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The Empty Room: Surviving the Loss of a Brother or Sister at Any Age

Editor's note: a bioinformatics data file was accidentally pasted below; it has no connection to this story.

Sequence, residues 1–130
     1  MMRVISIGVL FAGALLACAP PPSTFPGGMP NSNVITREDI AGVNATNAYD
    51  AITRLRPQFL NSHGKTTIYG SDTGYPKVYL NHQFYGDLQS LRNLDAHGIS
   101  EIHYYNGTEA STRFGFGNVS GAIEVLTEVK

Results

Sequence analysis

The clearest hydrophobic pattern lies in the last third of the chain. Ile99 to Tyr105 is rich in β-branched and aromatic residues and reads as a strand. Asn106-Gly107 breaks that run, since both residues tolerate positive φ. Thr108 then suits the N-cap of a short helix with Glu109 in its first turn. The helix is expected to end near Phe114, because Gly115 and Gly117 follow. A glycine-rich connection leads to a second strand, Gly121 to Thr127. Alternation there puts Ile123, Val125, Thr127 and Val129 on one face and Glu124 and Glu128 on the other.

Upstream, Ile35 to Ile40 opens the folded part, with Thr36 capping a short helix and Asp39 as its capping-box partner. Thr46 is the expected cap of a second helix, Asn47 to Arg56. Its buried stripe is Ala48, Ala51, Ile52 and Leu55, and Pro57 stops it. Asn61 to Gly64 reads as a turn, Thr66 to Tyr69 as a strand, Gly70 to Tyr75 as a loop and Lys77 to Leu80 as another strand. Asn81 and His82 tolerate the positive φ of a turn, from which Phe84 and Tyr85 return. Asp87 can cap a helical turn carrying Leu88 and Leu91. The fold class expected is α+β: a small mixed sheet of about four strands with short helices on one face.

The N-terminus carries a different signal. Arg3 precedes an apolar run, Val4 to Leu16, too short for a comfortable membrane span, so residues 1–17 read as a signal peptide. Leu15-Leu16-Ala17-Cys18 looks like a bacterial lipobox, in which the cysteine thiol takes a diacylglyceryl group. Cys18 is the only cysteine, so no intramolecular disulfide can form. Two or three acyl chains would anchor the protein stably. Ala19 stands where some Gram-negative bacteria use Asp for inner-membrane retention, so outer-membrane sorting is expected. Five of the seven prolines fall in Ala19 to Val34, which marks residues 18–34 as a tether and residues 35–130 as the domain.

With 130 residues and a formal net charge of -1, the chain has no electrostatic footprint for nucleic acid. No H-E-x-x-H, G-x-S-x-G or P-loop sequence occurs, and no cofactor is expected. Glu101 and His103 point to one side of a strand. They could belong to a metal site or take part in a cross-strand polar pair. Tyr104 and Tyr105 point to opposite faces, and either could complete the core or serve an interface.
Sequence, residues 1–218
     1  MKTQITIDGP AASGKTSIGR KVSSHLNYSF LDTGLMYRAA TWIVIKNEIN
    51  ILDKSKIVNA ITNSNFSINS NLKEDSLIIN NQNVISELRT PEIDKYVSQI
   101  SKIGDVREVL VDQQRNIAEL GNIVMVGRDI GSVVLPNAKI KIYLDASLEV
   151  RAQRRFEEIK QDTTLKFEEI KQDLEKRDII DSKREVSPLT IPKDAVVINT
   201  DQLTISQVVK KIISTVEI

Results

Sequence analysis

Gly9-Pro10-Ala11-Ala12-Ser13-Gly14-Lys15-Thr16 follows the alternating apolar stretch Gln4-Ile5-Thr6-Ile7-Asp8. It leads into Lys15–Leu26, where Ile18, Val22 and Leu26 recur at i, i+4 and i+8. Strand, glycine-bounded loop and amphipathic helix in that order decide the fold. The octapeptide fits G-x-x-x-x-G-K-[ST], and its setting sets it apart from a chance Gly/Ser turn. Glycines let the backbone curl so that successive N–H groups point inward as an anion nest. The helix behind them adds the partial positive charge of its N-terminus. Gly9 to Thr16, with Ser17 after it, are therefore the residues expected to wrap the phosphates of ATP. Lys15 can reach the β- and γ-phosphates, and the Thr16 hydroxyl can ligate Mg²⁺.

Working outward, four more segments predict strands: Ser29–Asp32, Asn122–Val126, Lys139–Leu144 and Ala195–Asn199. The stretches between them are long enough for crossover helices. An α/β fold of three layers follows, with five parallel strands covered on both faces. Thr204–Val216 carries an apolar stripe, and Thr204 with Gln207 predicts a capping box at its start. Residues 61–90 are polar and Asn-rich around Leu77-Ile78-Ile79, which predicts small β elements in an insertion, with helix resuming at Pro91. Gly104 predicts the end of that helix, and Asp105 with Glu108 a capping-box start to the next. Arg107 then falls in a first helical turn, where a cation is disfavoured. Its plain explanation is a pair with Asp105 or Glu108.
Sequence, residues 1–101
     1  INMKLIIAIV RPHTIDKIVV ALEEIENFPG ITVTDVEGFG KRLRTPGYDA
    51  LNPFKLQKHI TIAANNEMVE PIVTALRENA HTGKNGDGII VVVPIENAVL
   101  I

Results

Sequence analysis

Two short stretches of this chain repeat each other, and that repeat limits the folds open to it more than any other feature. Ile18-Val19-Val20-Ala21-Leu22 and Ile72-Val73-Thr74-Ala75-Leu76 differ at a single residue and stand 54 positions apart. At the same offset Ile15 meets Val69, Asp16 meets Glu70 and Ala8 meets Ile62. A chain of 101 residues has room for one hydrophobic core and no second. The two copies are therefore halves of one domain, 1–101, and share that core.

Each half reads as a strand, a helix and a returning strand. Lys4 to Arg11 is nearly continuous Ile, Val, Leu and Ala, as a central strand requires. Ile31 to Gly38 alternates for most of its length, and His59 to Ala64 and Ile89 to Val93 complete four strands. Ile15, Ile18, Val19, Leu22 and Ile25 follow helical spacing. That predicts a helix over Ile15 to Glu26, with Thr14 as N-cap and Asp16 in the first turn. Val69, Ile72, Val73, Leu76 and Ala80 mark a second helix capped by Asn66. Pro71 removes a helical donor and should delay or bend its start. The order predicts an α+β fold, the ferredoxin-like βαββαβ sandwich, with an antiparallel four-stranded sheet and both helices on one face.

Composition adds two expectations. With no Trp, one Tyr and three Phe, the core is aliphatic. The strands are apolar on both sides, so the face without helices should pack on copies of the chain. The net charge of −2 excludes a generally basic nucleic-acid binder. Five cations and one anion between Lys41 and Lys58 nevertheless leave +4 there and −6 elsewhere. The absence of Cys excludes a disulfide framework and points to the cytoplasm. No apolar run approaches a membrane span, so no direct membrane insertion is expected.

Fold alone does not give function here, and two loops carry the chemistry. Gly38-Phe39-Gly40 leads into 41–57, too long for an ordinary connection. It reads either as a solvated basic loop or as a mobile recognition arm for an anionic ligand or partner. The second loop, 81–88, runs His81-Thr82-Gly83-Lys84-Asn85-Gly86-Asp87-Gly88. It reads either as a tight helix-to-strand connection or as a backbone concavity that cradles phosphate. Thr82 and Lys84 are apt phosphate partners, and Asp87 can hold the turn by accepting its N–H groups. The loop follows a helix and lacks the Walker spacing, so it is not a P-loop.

The Empty Room: Surviving the Loss of a Brother or Sister at Any Age - Elizabeth DeVita-Raeburn The author's older brother was the one of two boys described as the boy in the bubble in the 80's. Elizabeth was 14 in 1980 when her brother Ted died of an immune deficiency disease after an 8 year illness. When Elizabeth decides to write about her experience and try to piece together exactly what happened, she is surprised at the dearth of writing and research on sibling death. As a journalist seeking experts in the field, she instead finds others like herself, seeking to tell and understand their stories. "What I didn't expect was that the ongoing dialogue between myself and other bereft siblings would have a profound impact on my own story. I thought I had done all of the hard work of grieving and understanding my brother's death before I started this book. It wasn't true. After I'd listen to someone tell his or her own story, I'd sometimes end up musing about some aspect of my own that I hadn't realized or gotten to yet. It was often painful, and, equally as often, enlightening. My story, and my understanding of it, is different from when I started. I've told it, as best I can at this point in my life, in a way that follows the pattern of how I believe the loss of a sibling must be explored and integrated in order for healing to occur. By using the word "healing" I do not mean that the sense of loss of a sibling ever goes away, or that the sibling is dismissed as an important person in your life. I mean that the disabling grief is over, and we find a way to weave the lost brother or sister into our lives and go on." p9-10.Elizabeth goes through the process of trying to put her story together, repiecing facts, talking to her parents, doctors, looking at the medical records. Over time, more memories come back to her.Ambiguous loss. The younger the person was when he lost a brother or sister, the greater the ambiguity of the loss, the more frozen he tended to be. Regardless of age, the result in the majority of cases, was this: The loss hadn't been recognized, and the siblings hadn't grieved. Even children born after an older sibling has already died can be affected by the loss. The parents of these people are changed for having experienced the loss. The size, rules, and values of the family of the surviving siblings grow up in are shaped by the loss, too. These siblings feel the absence of this person, but grapple with whether it is their loss to claim. They often crave information about the lost sibling, but feel they don't have the right to ask. Joanna Fanos, PhD, began looking into sibling loss in the early eighties. . . Her conclusions were very much like Rosen's: though some siblings had received enough support to get through, they were the exception. The norm tended to be that the loss often wasn't acknowledged by others, families were unable to see their surviving children's grief, and the grief became a chronic condition that undermined the survivors' lives for decades. Re-forming an identity chapter. Explores the fact that much of a child's identity is initially formed in reaction or against the backdrop of a sibling's personality. "Siblings are connected by their differences." She lists some famous siblings who took on the role of a sibling that died: Val Kilmer, the actor fulfilled the dream of his younger brother who drowned when they were teens. Akira Kurosawa's older brother committed suicide, and Akira went on to become the director that his brother planned to be. Lynyrd Skynyrd was disbanded after Ronnie Van Zant died, but then his brother Johnny took over and the band reformed. Sibling-loss literature tends to refer to this phenomenon as "living for two". But Elizabeth sees it more in the total family context, as it is often the parents' dreams for one, that get transferred or taken on by a surviving sibling. "My brother is now long gone. I am older, I work. I have significant relationships outside the family I started in. there are different expectations of me now. But I still carry his imprint. Every sensory signal sent to my brain zips through nerve fibers, through my conscious and unconscious mind via circuitry soldered while Ted was still alive. I couldn't change that now if I wanted to." p. 128"Carrying" We carry our siblings forward. in order not to leave part of ourselves frozen, unaged, in time. Because siblings were meant to be parallel travelers, in life's longest relationship. In order for us to go forward with our own lives, whole, unhampered by guilt at having been the ones chosen to survive. A person she interviews describes: "For the first 14 years of my life, his life was my greatest influence, and for the past 15 years, his death has been my greatest influence. I'll never get over it. He is the core of me. His loss is the core of me. The day I get over it is the day I'm dead." p.134There is also a chapter on twin loss. An extensive bibliography of sibling loss memoirs and other works on siblings. This is a book to read after the initial work of grieving is done. A book of reflection not just on sibling loss, but on the role of siblings in our lives. Together with Surviving the Death of an Adult Sibling, an essential read for adult sibling loss.